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Drug Importation Bills Get Hearing in ND Legislature

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In 2019, 4,311 prescription drugs experienced a price hike, with the average increase hovering around 21%, according to data compiled by Rx Savings Solutions. (Adobe Stock)
In 2019, 4,311 prescription drugs experienced a price hike, with the average increase hovering around 21%, according to data compiled by Rx Savings Solutions. (Adobe Stock)
January 26, 2021

BISMARCK, N.D. -- This week, a North Dakota legislative committee will hear proposals on a system for importing less-expensive prescription drugs from Canada.

Advocates say the state should take advantage of changes in federal rules to help older residents struggling to afford medications.

A trio of bills around this idea will be considered by the Senate Human Services Committee tomorrow. Two of them would establish a wholesale program, which paves the way for North Dakota to buy cheaper medications from north of the border and safely transport them into the state.

Sen. Howard Anderson, R-Turtle Lake, the bill's sponsor, said skyrocketing drug costs in the U.S. still are a problem, and a solution lies north.

"When you look right across our border in Canada, we see prices which can be as low as 20% of what we pay in this country for the same drug," Anderson explained.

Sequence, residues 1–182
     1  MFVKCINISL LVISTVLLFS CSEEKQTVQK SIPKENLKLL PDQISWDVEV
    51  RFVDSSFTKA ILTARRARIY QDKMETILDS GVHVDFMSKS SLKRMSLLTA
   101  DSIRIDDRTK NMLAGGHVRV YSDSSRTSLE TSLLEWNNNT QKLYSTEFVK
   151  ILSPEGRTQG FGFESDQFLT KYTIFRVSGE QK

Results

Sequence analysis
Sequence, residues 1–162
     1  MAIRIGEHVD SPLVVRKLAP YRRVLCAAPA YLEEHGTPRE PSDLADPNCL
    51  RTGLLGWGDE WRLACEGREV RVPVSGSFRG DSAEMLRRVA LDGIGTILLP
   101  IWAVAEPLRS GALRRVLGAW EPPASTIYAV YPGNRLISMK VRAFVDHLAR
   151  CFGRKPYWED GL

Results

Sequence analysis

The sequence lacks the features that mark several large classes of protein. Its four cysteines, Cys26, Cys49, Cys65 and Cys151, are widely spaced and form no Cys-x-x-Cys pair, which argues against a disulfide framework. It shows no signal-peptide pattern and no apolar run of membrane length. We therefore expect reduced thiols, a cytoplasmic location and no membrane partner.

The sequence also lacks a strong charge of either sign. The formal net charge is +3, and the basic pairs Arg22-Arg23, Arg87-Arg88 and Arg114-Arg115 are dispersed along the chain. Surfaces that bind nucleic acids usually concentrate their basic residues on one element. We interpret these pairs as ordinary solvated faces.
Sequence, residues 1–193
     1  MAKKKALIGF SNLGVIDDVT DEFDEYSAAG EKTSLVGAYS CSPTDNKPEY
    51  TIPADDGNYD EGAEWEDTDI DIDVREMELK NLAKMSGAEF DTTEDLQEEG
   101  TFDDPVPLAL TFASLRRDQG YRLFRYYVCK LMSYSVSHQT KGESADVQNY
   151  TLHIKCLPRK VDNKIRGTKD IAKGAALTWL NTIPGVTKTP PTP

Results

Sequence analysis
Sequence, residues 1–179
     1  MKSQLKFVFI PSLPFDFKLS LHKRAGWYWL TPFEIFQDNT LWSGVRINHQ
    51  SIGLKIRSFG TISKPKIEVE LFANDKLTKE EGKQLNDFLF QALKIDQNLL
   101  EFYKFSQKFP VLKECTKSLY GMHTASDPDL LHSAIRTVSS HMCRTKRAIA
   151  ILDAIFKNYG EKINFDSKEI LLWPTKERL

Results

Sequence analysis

In December, the Trump administration enacted changes allowing states to seek approval from Washington for a wholesale importation system. Supporters say it prevents people from seeking out unregulated products on their own.

But the pharmaceutical industry is fighting these federal changes in court, and political experts wonder if the Biden administration will want to enact its own rules for reducing drug costs.

Meanwhile, Anderson acknowledged the wholesale system might be a tough sell for the state agencies that would have to take on all the extra costs and oversight.

Josh Askvig, state director for AARP North Dakota, said policymakers should really pay attention to what older residents are saying. He cited recent survey data from his organization.

"Almost one in four said they didn't fill a prescription in the last year," Askvig noted. "And of those who didn't fill a prescription, 44% of them, or almost half, said they didn't fill a prescription because of the cost of that drug."

And 81% of respondents said it should be legal to import affordable medications from Canada.

The third bill being considered by the committee deals with price comparisons for prescription drugs available in Canada, essentially allowing the prices to be imported instead of the actual drugs.

Disclosure: AARP North Dakota contributes to our fund for reporting on Health Issues, and Senior Issues. If you would like to help support news in the public interest, click here.
Mike Moen, Public News Service - ND